The children were threatened with unprintable punishments if they decided to wake us up early on Sunday morning. We reminded them that 90 minutes before breakfast is served is a tad too early. One thing about staying in a hostel is that 90% of the guests won’t be up for the 8:00 breakfast.
We tried to dawdle after breakfast but our room was so small that it was impossible and we headed out into sleepy Mendoza. We walked from one plaza to the next hunting down playgrounds for the girls to play on.
It wasn’t until later in the afternoon that Plaza Independencia started to come alive. Artisans set up in their wares all around the plaza. We sat and watched four buskers entertain the crowd. It ranged from slapstick, mime, and unicycles to bubbles, fire juggling and the passing of the hat. We had caught the tail end of another busker and it seems that the tradition is to send the children forward with the money for the buskers. It was the same for these four comics. Argentinean notes less than 10 pesos look like they have spent the last five years hidden in someone’s shoe. I gave Indiana a ripped, faded, dog eared note and sent her off.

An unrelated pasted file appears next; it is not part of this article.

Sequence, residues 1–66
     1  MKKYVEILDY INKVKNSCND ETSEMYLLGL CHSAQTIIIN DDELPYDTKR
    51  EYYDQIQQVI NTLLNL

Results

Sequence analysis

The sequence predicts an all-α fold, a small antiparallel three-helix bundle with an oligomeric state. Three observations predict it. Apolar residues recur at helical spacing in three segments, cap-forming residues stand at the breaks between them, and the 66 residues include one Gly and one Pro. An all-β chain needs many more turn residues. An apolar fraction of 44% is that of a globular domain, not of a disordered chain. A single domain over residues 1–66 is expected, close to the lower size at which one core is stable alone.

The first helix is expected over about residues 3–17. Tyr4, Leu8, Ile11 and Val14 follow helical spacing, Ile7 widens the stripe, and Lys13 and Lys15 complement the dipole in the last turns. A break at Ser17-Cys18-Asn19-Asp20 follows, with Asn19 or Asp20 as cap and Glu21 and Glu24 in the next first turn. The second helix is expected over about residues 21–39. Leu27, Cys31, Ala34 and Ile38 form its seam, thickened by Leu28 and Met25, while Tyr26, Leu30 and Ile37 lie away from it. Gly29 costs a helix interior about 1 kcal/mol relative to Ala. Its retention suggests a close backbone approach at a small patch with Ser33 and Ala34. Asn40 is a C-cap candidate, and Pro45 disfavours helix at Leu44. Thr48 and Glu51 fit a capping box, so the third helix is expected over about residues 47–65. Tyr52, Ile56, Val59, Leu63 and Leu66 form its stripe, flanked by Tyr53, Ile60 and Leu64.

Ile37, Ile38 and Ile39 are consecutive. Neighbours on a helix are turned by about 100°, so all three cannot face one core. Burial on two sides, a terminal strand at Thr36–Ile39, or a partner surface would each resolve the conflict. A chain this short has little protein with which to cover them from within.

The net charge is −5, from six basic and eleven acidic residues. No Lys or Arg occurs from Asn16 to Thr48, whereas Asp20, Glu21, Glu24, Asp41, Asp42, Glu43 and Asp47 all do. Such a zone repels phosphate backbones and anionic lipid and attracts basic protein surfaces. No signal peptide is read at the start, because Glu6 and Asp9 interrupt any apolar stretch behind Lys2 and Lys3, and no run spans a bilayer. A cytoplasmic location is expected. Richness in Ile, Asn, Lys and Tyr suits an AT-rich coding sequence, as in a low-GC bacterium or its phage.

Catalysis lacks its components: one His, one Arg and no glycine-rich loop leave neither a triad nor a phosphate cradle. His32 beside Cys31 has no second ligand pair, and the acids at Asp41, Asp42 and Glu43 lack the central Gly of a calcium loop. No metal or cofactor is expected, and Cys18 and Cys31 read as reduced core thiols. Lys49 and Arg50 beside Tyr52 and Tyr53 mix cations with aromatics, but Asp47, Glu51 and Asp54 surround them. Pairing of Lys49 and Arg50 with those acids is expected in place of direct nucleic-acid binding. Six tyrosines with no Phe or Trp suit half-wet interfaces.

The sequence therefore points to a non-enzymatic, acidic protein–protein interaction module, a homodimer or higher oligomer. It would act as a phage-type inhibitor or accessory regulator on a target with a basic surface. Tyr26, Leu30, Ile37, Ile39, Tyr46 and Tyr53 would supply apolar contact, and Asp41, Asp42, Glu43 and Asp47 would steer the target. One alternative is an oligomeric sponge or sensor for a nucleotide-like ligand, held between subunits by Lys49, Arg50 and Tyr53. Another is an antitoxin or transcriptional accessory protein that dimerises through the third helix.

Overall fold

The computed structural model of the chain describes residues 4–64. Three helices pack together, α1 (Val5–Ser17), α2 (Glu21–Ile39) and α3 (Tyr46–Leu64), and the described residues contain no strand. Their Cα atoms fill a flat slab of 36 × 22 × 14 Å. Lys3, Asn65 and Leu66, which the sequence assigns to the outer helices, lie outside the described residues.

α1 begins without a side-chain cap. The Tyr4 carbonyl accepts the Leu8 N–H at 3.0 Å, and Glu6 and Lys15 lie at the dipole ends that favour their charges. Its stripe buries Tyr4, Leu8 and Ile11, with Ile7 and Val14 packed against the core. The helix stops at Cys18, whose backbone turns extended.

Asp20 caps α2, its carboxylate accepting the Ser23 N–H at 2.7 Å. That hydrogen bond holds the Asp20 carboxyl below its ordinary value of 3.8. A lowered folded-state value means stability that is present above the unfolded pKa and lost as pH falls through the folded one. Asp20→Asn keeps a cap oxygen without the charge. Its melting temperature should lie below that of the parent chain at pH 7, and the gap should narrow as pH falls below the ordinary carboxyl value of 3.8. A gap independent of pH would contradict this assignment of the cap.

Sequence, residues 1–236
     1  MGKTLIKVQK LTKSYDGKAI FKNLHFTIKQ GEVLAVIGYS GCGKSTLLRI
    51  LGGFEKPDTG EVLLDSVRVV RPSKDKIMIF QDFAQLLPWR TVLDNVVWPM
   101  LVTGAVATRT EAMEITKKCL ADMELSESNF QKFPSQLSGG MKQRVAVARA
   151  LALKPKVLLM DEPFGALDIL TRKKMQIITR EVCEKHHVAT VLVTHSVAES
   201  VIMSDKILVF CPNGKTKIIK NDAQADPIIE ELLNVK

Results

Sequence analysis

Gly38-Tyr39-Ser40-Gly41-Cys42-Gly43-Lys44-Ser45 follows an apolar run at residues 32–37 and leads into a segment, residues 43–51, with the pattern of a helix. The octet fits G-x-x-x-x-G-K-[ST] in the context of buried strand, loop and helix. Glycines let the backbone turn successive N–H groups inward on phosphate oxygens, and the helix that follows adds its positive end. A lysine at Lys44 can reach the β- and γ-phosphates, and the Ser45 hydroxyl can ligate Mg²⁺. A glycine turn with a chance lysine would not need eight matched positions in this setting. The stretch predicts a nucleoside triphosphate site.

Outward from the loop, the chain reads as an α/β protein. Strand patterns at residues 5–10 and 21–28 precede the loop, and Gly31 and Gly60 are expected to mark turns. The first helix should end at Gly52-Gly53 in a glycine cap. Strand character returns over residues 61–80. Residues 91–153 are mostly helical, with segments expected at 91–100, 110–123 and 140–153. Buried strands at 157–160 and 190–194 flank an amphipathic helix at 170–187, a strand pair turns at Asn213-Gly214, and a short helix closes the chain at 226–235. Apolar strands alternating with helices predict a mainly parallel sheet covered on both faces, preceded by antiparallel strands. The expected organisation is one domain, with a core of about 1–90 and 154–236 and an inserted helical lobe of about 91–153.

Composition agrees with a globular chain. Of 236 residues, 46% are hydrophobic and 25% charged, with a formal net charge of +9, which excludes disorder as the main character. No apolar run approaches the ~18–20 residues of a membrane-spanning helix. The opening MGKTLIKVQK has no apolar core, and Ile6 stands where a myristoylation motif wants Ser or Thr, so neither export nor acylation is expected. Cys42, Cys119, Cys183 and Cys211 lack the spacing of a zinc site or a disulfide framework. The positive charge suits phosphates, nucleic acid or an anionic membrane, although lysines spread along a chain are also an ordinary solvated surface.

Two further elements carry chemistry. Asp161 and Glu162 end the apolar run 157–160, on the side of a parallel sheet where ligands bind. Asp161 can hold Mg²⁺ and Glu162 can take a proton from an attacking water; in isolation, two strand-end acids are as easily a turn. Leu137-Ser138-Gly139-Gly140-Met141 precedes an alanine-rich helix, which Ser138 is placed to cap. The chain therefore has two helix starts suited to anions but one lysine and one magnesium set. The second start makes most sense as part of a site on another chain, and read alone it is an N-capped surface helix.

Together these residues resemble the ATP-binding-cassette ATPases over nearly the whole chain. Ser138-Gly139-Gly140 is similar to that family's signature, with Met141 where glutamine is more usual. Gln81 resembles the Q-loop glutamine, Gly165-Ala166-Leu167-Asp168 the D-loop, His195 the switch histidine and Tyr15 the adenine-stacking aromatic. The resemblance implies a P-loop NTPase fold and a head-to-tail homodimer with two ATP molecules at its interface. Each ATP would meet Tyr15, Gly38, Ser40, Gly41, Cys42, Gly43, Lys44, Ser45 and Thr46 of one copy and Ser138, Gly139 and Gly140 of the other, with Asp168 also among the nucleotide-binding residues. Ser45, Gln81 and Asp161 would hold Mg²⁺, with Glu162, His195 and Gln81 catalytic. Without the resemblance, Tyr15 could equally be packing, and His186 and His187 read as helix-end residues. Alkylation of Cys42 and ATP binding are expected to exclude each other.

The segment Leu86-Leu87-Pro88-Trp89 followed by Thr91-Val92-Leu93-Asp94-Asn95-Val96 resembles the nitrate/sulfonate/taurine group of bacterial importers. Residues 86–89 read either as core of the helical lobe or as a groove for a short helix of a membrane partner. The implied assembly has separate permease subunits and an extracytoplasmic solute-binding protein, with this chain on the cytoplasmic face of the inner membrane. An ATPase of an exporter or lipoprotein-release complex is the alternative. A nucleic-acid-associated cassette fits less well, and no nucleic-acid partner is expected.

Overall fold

The show must have been good because we couldn’t catch all they were saying but we still enjoyed it. There were a few jokes that went over our heads. We carried our two tired girls back through the night markets and set our alarm for the bus trip back to Valparaiso.